21. In re, Carew's Estate Act, (1859) 28 LJ Ch. 218 the facts were that a piece of land was advertized for sale. Two adjoining land owners were desirous of purchasing it. They agreed that one alone should attend the sale and purchase if it should be sold for a sum not exceeding a sum named. If the land was purchased terms were arranged and it was to be divided between them. It was held that the agreement bet-ween the purchasers was not contrary to equity and that it did not vitiate the contract.

22. In the case of Heffer v. Martyn, (1867) 36 LJ Ch 372 the facts were that 'A' paid 'B' a sum of money not to bid at a public auction. 'B' attended the sale and did not bid. 'A' bought the property. It was held that 'A' was entitled to a decree for specific performance.

23. In the case of Mogul Steamship Co. Ltd. v. McGregor, 1892 AC 25, the facts were that owners of ships in order to secure a carrying trade exclusively for themselves and at profitable rates, formed an association and agreed that the number of ships to be sent by members of the association to the leading port, the division of cargoes and freights to be demanded should be! the subject of regulation, that a rebate of 5 per cent on the freights should be allowed to all shippers who shipped only with members, that agents arid members should be prohibited on pain of dismissal from acting in the interest of competing ship owners, any member to be at liberty to withdraw on giving certain notices. The plaintiffs, who were ship owners excluded from the association, sent ships to the leading ports to endeavour to obtain cargoes.

The associated owners thereupon sent more ships to the port, underbid the plaintiffs and reduced freights so low that the plaintiffs were obliged to carry at an unremunerative rates. They also threatened to dismiss certain agents if they loaded the plaintiffs' ships and circulated a notice that the rebate of 5 per cent will not be allowed to any person who shipped cargoes on the plaintiffs' vessels. The plaintiffs having brought an action for damages against the associated owners alleging a conspiracy to injure the plaintiffs, it was held by the House of Lords affirming the decision of the Court of Appeal that since the acts of the defendants were done with the lawful object of protecting and extending their trade and increasing their profits and since they had not employed any unlawful means the plaintiffs had no cause of action.

24. In the case of Levi v. Levi, (1833) 6 Car and P 239 it was held that if brokers agree together before a sale by auction that only one of them shall bid for each article sold and that all articles thus bought by any of them shall be sold again amongst themselves at a fair price and the difference between the auction price and the fair price divided among them. Such an agreement was a conspiracy for which the brokers who were parties to the agreement were indictable. The aforesaid dicta was disapproved by their Lordships of the Judicial Committee in the case of Doolubdass Pettamber .Dass v. Ramloll Thackoorsey Dass, 5 Moo Ind App 109 corresponding to 7 Moo PC 239 (PC).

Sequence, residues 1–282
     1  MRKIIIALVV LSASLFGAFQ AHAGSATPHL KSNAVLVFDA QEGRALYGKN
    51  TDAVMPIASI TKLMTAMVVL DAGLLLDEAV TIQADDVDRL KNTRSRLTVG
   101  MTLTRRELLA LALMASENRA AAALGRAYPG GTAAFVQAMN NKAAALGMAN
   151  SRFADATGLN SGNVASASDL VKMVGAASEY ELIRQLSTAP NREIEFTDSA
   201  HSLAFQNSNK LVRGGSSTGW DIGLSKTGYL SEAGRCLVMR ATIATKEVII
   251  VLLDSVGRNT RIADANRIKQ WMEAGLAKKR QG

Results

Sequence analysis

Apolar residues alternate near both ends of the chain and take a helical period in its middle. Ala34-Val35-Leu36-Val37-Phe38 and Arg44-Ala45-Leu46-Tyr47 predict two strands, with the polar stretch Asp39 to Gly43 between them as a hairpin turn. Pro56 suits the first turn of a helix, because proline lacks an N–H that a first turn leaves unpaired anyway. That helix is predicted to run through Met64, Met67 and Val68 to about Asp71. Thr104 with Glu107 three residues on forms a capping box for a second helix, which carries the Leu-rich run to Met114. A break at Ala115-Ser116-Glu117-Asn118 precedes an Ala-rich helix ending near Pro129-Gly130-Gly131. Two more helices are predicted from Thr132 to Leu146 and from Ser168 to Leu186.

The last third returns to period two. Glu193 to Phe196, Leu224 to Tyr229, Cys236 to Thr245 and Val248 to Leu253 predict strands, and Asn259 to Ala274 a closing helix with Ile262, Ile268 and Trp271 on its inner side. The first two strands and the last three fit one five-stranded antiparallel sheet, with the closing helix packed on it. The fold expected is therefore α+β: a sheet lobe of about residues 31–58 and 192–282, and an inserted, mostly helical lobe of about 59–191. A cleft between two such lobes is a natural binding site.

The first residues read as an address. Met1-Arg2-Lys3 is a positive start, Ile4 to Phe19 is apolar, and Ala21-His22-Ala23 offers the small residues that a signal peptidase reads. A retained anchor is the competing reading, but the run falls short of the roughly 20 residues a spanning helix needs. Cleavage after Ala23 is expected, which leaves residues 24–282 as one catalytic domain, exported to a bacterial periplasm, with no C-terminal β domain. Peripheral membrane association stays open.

25. In the case of Fuller v. Abrahams, (1821) 23 RR 626 the plaintiff dissuaded other intending purchasers by openly enlisting their sympathies on his behalf. He was left alone to bid and when the auctioneer for that reason refused to knock down the property to him a friend raised the last bid by a nominal sum and plaintiff made a final bid thus securing for . 52/- property worth. 150/-. The Court held that this was a fraud invalidating the sale.

26. The latest leading English case in which the question as to whether a knock out arrangement is opposed to public policy has been considered is Rawlings v. General Trading Co., (1921) 1 KB 635. The facts of that case were as below :

27. At a sale by public auction of surplus property belonging to the Ministry of Munitions the plaintiff and the defendant agreed, in order to avoid competition that the defendant alone should bid for certain goods, and that the goods, if purchased, should be divided equally between them. In pursuance of that agreement the plaintiff abstained from bidding and the goods were knocked down to the defendant. The defendant subsequently repudiated the agreement. In an action by the plaintiff to recover one moiety of the goods purchased or the value thereof over and above the price paid at the auction Shearman J. held that at any rate where the goods sold were the property of the public, it was against public policy that persons should combine at an auction to procure the goods to be sold at a price considerably below the fair value with the necessary result that the public were defrauded. He accordingly held that the agreement was unenforceable.